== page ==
Trust (October 11, 2012)

…Opening To…

We are as sure to be in trouble as the sparks fly upward, but we will also be “in Christ,” as [Paul] puts it. Ultimately, not even sorrow, loss, death can get at us there. (Frederick Buechner)

…Listening In…

While Jesus was still speaking with her, messengers came from the synagogue leader’s house, saying to Jairus, “Your daughter has died. Why bother the teacher any longer?” But Jesus overheard their report and said to the synagogue leader, “Don’t be afraid; just keep trusting.” (Mark 5:35-36; context)

…Filling Up…

We’ve moved from anxiety through fear and to surrender. Surrendering yourself, your fear of the unknown future, and your anxiety over your lack of control is one of the scariest things you can do. It’s scary because it seems to go against everything that our society teaches: rugged individualism (the idea that you can do everything by yourself), perfect information (the idea that if you just had the right set of factors, you could predict the future), and marketing in general (the idea that if you buy product X you will finally have the life you always dreamed of).

Of course, if you’ve ever read anything that Jesus said, he didn’t give too much credence to what society thought. And we should follow his example. Surrendering to God might feel insane at first. In fact, though I’ve never been skydiving, I assume it feels something akin to the minute you are no longer safely in the plane, but before your parachute opens.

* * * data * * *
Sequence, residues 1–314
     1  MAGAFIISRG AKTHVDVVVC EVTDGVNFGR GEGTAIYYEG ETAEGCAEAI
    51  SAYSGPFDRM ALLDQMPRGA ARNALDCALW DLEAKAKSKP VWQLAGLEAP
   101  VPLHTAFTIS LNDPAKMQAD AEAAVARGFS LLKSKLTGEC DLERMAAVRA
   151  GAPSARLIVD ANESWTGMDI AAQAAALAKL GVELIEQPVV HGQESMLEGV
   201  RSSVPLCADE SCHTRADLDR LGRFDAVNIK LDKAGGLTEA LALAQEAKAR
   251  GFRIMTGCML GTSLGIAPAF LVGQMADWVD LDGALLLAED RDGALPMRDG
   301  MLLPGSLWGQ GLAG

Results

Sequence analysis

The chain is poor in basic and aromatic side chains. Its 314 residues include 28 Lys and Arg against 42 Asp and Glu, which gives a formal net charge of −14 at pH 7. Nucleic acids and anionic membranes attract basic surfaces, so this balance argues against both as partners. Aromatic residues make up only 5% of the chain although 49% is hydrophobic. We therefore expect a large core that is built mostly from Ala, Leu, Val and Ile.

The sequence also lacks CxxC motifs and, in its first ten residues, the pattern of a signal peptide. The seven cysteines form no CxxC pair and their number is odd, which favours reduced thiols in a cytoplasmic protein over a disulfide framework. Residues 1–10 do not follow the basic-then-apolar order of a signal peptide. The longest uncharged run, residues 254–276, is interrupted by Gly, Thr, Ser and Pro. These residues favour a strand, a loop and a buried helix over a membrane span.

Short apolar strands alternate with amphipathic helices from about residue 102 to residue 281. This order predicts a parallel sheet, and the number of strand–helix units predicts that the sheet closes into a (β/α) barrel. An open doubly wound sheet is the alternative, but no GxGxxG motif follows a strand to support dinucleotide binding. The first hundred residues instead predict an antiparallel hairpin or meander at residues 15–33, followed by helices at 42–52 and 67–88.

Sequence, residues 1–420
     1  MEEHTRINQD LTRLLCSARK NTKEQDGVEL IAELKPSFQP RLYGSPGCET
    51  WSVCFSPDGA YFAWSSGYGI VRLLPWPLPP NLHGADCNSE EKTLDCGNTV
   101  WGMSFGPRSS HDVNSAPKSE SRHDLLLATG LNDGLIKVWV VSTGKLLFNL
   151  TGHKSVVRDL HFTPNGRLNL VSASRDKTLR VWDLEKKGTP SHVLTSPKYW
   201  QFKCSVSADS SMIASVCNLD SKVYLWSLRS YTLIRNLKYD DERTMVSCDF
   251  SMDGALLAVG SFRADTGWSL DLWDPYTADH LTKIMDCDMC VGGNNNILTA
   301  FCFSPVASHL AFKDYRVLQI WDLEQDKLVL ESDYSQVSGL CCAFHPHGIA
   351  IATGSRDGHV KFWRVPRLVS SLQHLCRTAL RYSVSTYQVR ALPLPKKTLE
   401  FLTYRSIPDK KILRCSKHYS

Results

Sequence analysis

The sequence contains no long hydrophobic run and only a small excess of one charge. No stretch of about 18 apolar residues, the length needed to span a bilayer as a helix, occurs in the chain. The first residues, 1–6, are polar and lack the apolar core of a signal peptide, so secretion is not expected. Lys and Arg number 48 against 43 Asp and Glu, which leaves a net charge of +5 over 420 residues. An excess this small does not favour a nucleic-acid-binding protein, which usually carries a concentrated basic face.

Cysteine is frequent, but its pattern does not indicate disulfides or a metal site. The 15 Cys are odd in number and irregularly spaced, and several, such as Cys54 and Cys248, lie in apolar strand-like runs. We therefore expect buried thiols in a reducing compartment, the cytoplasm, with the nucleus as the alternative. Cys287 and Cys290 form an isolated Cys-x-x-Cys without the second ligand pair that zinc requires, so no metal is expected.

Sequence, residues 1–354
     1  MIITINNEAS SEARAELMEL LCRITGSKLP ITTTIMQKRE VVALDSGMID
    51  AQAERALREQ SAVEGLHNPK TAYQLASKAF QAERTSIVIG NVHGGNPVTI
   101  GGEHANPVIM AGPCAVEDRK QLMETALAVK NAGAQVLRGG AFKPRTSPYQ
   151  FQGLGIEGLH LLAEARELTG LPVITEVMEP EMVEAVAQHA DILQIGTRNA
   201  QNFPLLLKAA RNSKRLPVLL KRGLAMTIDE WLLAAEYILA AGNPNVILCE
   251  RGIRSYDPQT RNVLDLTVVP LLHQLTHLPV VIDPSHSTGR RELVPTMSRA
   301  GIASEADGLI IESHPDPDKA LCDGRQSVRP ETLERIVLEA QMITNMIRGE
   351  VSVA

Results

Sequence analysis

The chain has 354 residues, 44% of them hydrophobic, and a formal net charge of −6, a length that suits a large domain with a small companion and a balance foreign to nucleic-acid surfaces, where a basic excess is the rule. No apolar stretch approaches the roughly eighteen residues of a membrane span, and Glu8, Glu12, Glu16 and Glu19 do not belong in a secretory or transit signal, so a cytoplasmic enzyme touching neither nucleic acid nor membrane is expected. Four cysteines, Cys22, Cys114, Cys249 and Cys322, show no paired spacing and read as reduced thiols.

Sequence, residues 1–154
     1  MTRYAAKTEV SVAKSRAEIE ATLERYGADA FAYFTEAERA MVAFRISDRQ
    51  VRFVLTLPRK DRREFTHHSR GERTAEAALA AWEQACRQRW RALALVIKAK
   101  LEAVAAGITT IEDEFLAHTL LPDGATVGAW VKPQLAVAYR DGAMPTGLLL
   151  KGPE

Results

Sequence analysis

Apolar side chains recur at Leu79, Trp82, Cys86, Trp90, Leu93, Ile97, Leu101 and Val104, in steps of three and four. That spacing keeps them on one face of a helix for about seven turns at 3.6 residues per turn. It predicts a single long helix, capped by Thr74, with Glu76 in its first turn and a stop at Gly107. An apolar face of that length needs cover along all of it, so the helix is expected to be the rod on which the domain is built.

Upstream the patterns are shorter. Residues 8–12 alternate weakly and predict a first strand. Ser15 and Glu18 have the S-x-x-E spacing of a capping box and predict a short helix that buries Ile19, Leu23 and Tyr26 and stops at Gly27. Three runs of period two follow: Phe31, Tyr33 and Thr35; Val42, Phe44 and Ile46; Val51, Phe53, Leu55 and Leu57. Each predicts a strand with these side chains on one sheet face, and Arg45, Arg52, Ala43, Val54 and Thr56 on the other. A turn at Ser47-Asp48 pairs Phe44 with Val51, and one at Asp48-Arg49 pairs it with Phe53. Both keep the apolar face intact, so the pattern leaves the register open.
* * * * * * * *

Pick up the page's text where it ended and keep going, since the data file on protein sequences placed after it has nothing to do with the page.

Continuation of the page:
In those moments before the `chute opens, I assume all the reasons you shouldn’t have jumped race through your head. At least, that’s what would be racing through mine. When you surrender to God, the same thing happens: the “world” (in its most negative connotation) assaults you with all the reasons that trusting God is a stupid thing to do.) But if we can survive that assault (and with God’s help, we can), then something overwhelming happens.

We find peace.

When we surrender to God, we rectify the second half of our definition of anxiety. Remember: anxiety happens when you realize you don’t control the future but have yet to stop trying. When we surrender, we stop trying to control our future and we still have the benefit of knowing that we don’t control it! Sounds pretty good to me.

Of course, this kind of trust in God is so very hard. It necessitates a daily surrender, not just a once-in-a-lifetime one. Trusting God is like exercising. If you go to the gym once, you’re not going to get much out of it. But if you make a regimen out of it – or in our case, a spiritual practice – then you can run marathons.

…Praying For…

Dear God, most trustworthy Lord, I ask for the strength to surrender myself to your will and your love each day of my life. In Jesus Christ’s name I pray. Amen.

…Sending Out…

I leave this moment with you, God, thankful that you are always and forever inviting me to walk the paths of trust and hope.

Leave a Reply

Fill in your details below or click an icon to log in:

WordPress.com Logo

You are commenting using your WordPress.com account. Log Out / Change )

Twitter picture

You are commenting using your Twitter account. Log Out / Change )

Facebook photo

You are commenting using your Facebook account. Log Out / Change )

Google+ photo

You are commenting using your Google+ account. Log Out / Change )

Connecting to %s